North Dakota governor boosts COVID-19 measures for elderly
FARGO, N.D. (AP) — Saying it’s time to “spring into action” to handle rising COVID-19 cases in long-term care facilities, North Dakota Gov. Doug Burgum is directing health officials to place those residents at the head of the line for testing and to shift medical personnel and supplies to congregate settings.
The changes were outlined Wednesday after Burgum announced a “somber milestone” of topping 200 deaths due to complications from the coronavirus and “too many” fatalities in nursing homes. State health officials have reported 26 deaths in the last seven days, all of whom were men and women in their 70s, 80s and 90s with underlying health conditions, he said.
Burgum said 19 of those deaths have been in Burleigh and Morton counties, the state’s hot spot, many of them in one facility that he didn’t name at Wednesday’s briefing. Seven deaths were confirmed in the last day, four in those two counties that include the sister cities of Bismarck and Mandan.
Chris Jones, executive director of the state Department of Human Services, said Wednesday that of 52 residents in a long-term care facility in Glen Ullin, about 50 miles west of Bismarck-Mandan, only a half-dozen were spared from the virus. He called it “a function of fatigue, a function of community spread.”
Burgum said efforts will be made to return test results of long-term care residents within 24 hours and prioritize contact tracing and follow-up in those facilities. The state is waiting on new tests from the White House that can determine a result within 15 minutes and those will be dedicated toward residents and healthcare workers in nursing homes. The governor said EMTs and other medical personnel will brought in to help with testing and about 200 nurses from the health department’s operations center will help provide staff coverage.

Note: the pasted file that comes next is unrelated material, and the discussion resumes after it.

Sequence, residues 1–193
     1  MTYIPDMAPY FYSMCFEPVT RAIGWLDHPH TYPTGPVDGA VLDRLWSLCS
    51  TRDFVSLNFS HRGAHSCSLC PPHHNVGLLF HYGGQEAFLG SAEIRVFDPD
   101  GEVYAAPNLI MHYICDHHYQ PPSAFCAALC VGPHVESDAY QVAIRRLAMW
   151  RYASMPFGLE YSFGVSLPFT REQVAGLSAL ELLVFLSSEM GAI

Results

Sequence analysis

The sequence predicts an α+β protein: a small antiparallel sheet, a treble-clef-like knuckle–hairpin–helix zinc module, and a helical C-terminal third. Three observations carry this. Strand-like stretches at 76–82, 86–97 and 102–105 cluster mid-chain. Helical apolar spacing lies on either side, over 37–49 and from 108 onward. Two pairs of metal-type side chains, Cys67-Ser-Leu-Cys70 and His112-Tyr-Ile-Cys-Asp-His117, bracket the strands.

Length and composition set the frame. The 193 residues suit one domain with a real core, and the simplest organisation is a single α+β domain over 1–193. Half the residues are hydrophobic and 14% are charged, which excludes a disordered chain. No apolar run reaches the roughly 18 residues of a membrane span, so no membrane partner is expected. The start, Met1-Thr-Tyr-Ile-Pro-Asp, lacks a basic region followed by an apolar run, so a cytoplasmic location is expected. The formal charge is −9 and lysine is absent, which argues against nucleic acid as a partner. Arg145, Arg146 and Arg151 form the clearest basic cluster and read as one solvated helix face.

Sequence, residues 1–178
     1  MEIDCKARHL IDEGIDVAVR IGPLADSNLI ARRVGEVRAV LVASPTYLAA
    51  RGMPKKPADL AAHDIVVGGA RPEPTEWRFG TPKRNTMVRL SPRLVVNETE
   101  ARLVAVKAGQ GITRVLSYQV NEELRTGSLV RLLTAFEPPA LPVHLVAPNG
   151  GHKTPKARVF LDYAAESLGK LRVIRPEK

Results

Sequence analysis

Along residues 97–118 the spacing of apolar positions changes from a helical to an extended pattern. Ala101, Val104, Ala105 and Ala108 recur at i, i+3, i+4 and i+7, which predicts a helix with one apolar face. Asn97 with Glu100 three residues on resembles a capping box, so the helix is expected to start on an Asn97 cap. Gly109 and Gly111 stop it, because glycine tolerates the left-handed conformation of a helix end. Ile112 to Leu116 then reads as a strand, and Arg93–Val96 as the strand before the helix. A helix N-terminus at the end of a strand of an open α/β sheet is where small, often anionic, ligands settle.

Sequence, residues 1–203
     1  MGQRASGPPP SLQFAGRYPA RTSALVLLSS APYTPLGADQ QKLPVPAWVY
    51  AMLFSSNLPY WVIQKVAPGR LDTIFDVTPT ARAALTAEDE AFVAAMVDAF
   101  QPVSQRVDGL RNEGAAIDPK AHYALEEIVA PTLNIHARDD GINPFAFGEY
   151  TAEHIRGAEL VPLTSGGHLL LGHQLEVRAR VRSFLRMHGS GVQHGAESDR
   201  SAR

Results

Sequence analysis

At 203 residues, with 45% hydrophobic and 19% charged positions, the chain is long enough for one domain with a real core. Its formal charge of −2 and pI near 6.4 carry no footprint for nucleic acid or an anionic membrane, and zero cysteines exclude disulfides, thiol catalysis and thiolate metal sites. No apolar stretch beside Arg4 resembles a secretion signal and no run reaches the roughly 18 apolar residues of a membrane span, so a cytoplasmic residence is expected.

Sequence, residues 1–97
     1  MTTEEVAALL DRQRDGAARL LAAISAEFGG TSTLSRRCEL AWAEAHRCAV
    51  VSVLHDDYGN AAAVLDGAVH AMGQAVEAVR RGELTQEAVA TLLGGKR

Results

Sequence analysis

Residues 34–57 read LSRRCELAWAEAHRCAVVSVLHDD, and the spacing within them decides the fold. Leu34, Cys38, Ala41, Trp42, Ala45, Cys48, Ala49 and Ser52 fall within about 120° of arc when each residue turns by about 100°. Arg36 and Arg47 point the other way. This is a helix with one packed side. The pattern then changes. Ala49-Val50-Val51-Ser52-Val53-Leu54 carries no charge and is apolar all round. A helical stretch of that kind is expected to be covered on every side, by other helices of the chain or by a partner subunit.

Test processing at the state lab had previously been on a first-come, first-serve basis, Burgum said.
“We’re doing all this because protecting the vulnerable is our top priority,” said Burgum, who added that in most cases family members will still be allowed to see their loved ones in outdoor settings as there’s “not an appetite for family members to go backward on visitation.
Jones said it’s a matter of “threading the needle” between protecting residents and allowing visitation. He added the state is looking at new guidelines for visitation when the weather turns cold.
Another 475 people tested positive for the coronavirus since Tuesday with a record high of 3,302 active cases in the state. The total number of people currently hospitalized with COVID-19 is 89, which is down in the last 24 hours and likely related to the deaths, Burgum said.